Irish Gaelic Greetings

Irish Gaelic Greetings

The Irish language, An Ghaeilge, (sometimes called Irish Gaelic) is a rich and ancient one, and no where is that better demonstrated than in the many ways it has for greeting people!

Learning how to greet people in another language also offers real insight into how the people who speak that language think as well as a glimpse into their history and culture.

Hello! in Irish Gaelic

The most basic way to greet people in any language is by using its equivalent of “hello.”  And this is where we get our first look at how Irish history and culture have influenced the language.

The formal way to say “hello” in Irish, is literally to say “God to you“:

  • To one person: Dia dhuit JEE-uh Gwitch
  • To multiple people: Dia dhaoibh JEE-uh YEE-iv

The correct response to being greeted in this way is, literally, God and Mary to you”:

  • To one person: Dia is Muire dhuit JEE-uh iss MWIR-uh Gwitch
  • To multiple people: Dia is Muire dhaoibh JEE-uh iss MWIR-uh DEE-iv

The Catholic identity is so deeply ingrained in Gaelic history and culture that even non-religious people, or people of other faiths, use these greetings as a matter of course.

It’s a little like saying “Goodbye” in English (which was originally “God be with you”) or “Adios” (“to God”) in Spanish…people just use it, religious or not, without worrying about what it actually means.

How are you?

The Irish don’t stand much on formality, however, and a much more common way to greet someone is to ask how he or she is. There are several ways to do this, but among the more common are:

In Munster (the southern part of Ireland):

  • To one person: Conas ‘tá tú? KUN-uss TAW too?
  • To multiple people: Conas ‘tá sibh? KUN-uss TAW shiv?

This literally means “how are you?”

In Connacht (the western part of Ireland):

  • To one person: Cén chaoi a bhfuil tú? Kayn hee uh WILL too?
  • To multiple people: Cén chaoi a bhfuil sibh? Kayn hee uh WILL shiv?

This literally means “what is the way/manner that you are?”

In Ulster (the northern part of Ireland):

  • To one person: Cad é mar atá tú? Kuh-JAY mar uh-TAW too?
  • To multiple people: Cad é mar atá sibh? Kuh-JAY mar uh-TAW shiv?

This literally means “what/how is it like being you?”

Regardless of which greeting is used (and all three are understood all over Ireland), In the cities, or with someone you just know casually, this can be answered simply with:

  • go maith, go raibh maith agat guh mah, GUR-ev mah uh-GUT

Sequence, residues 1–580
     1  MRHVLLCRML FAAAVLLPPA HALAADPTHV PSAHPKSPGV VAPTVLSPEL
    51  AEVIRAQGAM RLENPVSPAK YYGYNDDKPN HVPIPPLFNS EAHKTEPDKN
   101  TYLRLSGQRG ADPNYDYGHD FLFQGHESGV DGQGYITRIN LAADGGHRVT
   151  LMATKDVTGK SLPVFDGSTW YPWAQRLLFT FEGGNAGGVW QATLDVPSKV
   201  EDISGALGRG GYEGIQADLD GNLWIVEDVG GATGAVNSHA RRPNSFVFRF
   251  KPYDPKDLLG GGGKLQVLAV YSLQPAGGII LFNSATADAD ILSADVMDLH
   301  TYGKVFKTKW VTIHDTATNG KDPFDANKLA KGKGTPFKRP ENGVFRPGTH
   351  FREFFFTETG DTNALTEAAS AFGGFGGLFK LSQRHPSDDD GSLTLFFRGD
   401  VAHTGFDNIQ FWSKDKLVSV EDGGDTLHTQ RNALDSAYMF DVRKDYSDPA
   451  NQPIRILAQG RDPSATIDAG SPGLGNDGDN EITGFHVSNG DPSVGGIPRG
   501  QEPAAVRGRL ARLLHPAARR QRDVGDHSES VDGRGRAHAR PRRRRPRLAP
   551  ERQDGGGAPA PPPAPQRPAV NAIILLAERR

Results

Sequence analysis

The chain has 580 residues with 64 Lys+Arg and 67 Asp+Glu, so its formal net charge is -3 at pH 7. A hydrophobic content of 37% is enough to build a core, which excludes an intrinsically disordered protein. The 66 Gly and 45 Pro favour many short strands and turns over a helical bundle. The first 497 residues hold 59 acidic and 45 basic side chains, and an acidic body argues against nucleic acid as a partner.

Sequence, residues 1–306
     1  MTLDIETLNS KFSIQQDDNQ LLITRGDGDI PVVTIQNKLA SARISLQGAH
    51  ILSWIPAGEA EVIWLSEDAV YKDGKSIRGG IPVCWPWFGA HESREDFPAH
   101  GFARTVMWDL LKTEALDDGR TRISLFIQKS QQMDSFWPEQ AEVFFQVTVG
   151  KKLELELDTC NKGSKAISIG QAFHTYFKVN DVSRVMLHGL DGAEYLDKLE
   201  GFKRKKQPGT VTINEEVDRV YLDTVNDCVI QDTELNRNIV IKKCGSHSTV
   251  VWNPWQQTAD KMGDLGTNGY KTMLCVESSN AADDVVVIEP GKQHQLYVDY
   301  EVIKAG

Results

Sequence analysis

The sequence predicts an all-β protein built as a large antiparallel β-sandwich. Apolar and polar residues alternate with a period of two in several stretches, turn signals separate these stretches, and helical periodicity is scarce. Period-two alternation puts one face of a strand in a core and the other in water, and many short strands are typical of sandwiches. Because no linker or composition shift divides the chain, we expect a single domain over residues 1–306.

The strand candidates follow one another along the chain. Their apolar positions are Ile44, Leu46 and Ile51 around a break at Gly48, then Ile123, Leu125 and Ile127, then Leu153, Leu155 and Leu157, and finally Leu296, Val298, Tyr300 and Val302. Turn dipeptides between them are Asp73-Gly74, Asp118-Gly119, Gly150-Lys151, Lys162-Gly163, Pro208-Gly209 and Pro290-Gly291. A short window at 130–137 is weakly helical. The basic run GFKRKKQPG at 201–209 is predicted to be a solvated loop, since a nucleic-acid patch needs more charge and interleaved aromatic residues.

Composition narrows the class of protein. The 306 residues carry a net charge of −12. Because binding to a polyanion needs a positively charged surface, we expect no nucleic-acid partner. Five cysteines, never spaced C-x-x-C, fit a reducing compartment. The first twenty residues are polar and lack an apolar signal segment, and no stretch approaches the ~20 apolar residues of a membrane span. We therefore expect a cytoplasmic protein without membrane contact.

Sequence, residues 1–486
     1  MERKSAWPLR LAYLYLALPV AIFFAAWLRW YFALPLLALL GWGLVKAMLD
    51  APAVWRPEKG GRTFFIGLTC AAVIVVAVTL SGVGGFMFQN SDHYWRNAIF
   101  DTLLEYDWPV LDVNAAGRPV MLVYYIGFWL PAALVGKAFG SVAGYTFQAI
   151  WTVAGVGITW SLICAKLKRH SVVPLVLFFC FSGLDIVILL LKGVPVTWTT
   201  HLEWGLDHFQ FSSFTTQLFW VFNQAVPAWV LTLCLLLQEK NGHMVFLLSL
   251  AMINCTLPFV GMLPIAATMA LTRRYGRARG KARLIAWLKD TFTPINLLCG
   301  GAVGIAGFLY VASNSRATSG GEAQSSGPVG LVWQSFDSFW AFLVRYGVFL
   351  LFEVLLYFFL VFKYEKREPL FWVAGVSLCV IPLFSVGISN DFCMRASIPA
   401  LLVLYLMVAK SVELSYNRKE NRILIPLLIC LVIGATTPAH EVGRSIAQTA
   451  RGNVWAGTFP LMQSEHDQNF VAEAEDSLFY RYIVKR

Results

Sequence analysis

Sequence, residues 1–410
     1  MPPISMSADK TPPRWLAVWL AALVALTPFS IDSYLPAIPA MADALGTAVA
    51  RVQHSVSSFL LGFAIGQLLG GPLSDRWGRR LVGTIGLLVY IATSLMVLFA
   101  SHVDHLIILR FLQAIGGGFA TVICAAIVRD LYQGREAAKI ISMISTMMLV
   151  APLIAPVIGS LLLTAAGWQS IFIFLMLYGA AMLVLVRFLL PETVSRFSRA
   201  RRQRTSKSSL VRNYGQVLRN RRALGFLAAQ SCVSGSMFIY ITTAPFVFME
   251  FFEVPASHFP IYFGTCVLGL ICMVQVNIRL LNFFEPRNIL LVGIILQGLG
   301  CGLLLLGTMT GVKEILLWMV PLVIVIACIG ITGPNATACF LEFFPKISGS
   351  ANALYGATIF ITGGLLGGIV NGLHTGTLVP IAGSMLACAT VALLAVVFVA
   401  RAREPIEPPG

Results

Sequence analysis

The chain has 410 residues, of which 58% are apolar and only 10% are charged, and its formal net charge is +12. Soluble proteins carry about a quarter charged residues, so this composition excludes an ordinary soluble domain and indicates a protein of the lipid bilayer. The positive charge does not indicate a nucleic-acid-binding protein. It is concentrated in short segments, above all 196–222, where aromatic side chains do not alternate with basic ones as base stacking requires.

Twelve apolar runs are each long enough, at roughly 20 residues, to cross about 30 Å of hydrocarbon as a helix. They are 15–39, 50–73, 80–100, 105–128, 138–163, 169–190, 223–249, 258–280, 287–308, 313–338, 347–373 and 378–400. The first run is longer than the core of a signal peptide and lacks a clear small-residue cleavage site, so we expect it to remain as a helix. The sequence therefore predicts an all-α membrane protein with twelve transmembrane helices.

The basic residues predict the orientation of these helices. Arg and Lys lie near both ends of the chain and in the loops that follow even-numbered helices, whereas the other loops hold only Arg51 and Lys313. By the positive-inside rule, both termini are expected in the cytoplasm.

Literally “I’m well, thank you”.

But be prepared! The Irish are generally both less hurried and more sociable than Americans, and if this is a friend who’s greeted you, he or she may well expect a chat rather than just “fine, thanks.”

In other words, when they say How are you? they often really want to know!


As you might expect, there’s also a short and sweet way of greeting a friend:

  • Aon scéal? Ayn shkayl?

This literally means “any news?”

If you have news to share, than you would, by all means, share it, but probably more often you’d be likely to answer:

  • Diabhal an scéal! JOW-ul un shkayl!

This literally means “devil the news!” (there’s a religious figure working its way in there again!). “Devil” is often used to mean “no/nothing at all,” in both Irish and Hiberno-English.

Good morning!

The classic Irish way to say “good morning” is:

  • To one person: Dia dhuit ar maidin: JEE-uh Gwitch air MA-jin
  • To multiple people: Dia dhaoibh ar maidin: JEE-uh DEE-iv air MA-jin

This literally means “God to you this morning.”

You will also hear:

  • Maidin mhaith MA-jin vah

This is literally “good morning,” but is considered by some to be “BéarlachasBAYR-luh-khuss — in other words: Anglicized.

One thing you won’t hear, though, in English or Irish, is “top of the morning.” That’s “stage Irish,” straight from Broadway and Hollywood, and not something actual Irish people say.

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  1. red says:

    You wrote: “You will also hear:

    Maidin mhaith MA-jin vah
    This is literally “good morning,” but is considered by some to be “Béarlachas” BAYR-luh-khuss — in other words: Anglicized.”

    I don’t know why this would be considered Anglicised, as it’s actually lifted straight from the scottish Gaelic, which as I am sure you’re aware, is a different language! In Scottish Gaelic, it’s pronounced “may-thin mah”!

    Please consider amending your otherwise excellent page!

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